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Industry knowledge, prior industry experience and new venture survival
Jönköping University, Jönköping International Business School, JIBS, Business Administration. Jönköping University, Jönköping International Business School, JIBS, Center for Family Enterprise and Ownership (CeFEO).
Pablo de Olavide University.
Jönköping University, Jönköping International Business School, JIBS, Business Administration. Jönköping University, Jönköping International Business School, JIBS, Center for Family Enterprise and Ownership (CeFEO).ORCID iD: 0000-0003-0691-2740
University of Minnesota.
(English)Manuscript (preprint) (Other academic)
Abstract [en]

Recent research suggests that new ventures can overcome threats to their survival by gaining access to technological knowledge from other firms in their industry even without directly transacting with them or joining their networks. This access can be obtained through vicarious learning that allows new ventures to benefit from spillovers of industry knowledge made public through patents. However, absorbing industry knowledge can be difficult for new ventures. On the one hand, new ventures have different absorptive capacities as a result of their organizational members’ prior experience within the current industry and across different industries. On the other hand, industries differ in the characteristics of their public technological knowledge (i.e., intensity and breadth). We propose that the intensity and breadth of an industry’s public technological knowledge interact with organizational members’ prior industry experience to determine the ability of new ventures to learn vicariously, affecting the likelihood of venture survival. Our results show that having prior experience in the same industry is beneficial for new venture survival when the technological knowledge within an industry is high in intensity and breadth, while prior experience across different industries is beneficial when this knowledge is low in intensity and breadth. This study contributes to the literature on prior industry experience, organizational learning, absorptive capacity and new venture survival.

National Category
Business Administration
Identifiers
URN: urn:nbn:se:hj:diva-31932OAI: oai:DiVA.org:hj-31932DiVA: diva2:1033284
Note

An earlier version of this paper has been presented at the Academy of Management (AOM) Annual Meeting in Vancouver (Canada) in 2015 under the title ‘Industry Knowledge Characteristics, Prior Experience and New Venture Survival’ with Zahra, S., Naldi, L., Larrañeta, B.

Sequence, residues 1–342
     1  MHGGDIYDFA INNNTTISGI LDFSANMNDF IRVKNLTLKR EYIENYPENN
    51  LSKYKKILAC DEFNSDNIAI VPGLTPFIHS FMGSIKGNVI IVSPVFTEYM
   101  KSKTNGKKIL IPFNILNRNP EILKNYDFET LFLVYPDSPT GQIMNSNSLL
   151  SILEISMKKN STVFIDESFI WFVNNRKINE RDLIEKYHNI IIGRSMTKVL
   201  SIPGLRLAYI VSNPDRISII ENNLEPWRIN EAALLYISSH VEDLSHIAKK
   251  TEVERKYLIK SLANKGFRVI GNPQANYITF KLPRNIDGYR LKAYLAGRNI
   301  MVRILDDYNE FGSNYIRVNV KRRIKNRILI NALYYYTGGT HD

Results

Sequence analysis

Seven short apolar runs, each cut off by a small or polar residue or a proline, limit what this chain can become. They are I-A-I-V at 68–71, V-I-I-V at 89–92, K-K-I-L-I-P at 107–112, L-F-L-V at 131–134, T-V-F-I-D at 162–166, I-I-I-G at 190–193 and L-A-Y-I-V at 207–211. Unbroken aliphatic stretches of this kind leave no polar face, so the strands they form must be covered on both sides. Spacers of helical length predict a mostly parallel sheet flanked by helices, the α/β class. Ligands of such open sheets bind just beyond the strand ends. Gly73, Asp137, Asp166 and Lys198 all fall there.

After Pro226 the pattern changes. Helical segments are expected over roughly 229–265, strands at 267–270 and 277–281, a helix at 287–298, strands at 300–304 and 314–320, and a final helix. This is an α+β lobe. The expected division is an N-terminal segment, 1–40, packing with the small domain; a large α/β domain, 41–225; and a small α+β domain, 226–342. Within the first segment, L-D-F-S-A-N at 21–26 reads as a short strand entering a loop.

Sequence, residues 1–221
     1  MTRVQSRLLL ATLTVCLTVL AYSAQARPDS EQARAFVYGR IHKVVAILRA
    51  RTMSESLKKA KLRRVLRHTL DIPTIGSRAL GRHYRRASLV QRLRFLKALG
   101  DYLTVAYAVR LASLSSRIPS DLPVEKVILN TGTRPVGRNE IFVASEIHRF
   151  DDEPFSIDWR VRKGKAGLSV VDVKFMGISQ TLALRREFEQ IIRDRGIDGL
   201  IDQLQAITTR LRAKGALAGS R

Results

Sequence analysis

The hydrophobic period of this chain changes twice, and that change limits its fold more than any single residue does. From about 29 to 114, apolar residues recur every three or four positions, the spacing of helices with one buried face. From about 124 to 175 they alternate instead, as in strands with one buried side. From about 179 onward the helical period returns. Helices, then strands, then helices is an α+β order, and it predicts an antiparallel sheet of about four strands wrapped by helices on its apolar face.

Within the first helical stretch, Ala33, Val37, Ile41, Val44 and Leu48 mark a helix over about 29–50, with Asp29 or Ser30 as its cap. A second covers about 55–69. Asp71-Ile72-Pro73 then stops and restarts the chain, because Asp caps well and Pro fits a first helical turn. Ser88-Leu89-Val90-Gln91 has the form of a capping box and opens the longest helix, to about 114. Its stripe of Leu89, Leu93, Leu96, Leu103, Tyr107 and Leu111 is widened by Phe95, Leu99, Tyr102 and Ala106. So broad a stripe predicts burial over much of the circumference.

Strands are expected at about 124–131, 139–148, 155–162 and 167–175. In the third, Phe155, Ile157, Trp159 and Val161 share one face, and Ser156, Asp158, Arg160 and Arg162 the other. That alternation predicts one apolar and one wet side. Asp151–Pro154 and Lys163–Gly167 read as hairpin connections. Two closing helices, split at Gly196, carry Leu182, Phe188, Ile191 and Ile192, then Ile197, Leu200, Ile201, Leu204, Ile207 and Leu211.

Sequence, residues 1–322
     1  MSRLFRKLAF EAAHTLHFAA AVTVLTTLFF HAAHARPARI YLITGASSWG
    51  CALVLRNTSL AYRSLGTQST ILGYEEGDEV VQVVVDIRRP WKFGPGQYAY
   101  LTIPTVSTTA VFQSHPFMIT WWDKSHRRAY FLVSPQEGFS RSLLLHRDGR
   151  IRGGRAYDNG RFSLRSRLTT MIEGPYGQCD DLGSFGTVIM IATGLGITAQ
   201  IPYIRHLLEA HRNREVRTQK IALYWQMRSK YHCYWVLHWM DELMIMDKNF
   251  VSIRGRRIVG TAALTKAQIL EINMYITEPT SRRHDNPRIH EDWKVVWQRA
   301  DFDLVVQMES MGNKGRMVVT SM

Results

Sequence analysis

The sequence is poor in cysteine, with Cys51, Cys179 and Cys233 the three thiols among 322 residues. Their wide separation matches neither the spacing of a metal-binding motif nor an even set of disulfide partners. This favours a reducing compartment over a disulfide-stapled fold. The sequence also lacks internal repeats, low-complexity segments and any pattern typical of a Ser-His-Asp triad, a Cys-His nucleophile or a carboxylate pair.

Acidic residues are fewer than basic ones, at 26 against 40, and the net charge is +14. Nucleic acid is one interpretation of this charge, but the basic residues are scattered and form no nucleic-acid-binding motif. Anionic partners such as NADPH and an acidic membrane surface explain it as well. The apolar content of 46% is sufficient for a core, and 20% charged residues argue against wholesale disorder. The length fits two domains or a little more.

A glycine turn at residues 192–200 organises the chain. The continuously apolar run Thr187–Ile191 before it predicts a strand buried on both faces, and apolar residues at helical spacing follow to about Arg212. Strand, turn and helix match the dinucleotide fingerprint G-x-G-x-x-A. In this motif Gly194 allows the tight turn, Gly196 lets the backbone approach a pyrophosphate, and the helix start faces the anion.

Available from: 2016-10-06 Created: 2016-10-06 Last updated: 2016-10-06Bibliographically approved
In thesis
1. Founding conditions and the survival of new firms: An imprinting perspective on founders, organizational members and external environments
Open this publication in new window or tab >>Founding conditions and the survival of new firms: An imprinting perspective on founders, organizational members and external environments
2016 (English)Doctoral thesis, comprehensive summary (Other academic)
Abstract [en]

New firms are important sources of new employment, economic growth and innovation. Yet, a large portion of them do not manage to survive their first years of existence. This is often linked to their initial lack of capabilities, resources, routines and legitimacy. Certain favorable conditions at founding may allow new firms to partially overcome these initial shortcomings, and help them survive. For instance, organizational members’ prior experience may provide knowledge and skills to the new firm. However, it may also act as a constraint. It can lead new firms to follow a prescribed way of doing things which may ultimately threaten their survival. Similarly, certain unfavorable conditions of the external environment at founding may paradoxically offer a fertile ground for new firms to nurture their survival. Thus, whether some founding conditions are good or bad for new firms is still an unanswered question.

Building on imprinting theory, this dissertation investigates how different founding conditions affect the survival of new firms. At the organizational level, I study founders’ prior working experience in an incumbent family firm, organizational members’ prior shared international experience and prior industry experience, and focus respectively on three types of new firms: entrepreneurial spawns, international new ventures and high/mid-high tech new firms. I use a matched employer-employee dataset to test the effect of different types of prior experience on new firm survival. At the environment level, I propose how population density of similar organizational forms and the mortality of generalist organizations at founding may affect the survival of new family firms.

Place, publisher, year, edition, pages
Jönköping: Jönköping University, Jönköping International Business School, 2016. 63 p.
Series
JIBS Dissertation Series, ISSN 1403-0470 ; 111
National Category
Business Administration
Identifiers
urn:nbn:se:hj:diva-31935 (URN)978-91-86345-70-9 (ISBN)
Public defence
2016-10-14, B1014, Jönköping University, International Business School, Jönköping, 13:00 (English)
Opponent
Supervisors
Available from: 2016-10-06 Created: 2016-10-06 Last updated: 2016-10-06Bibliographically approved

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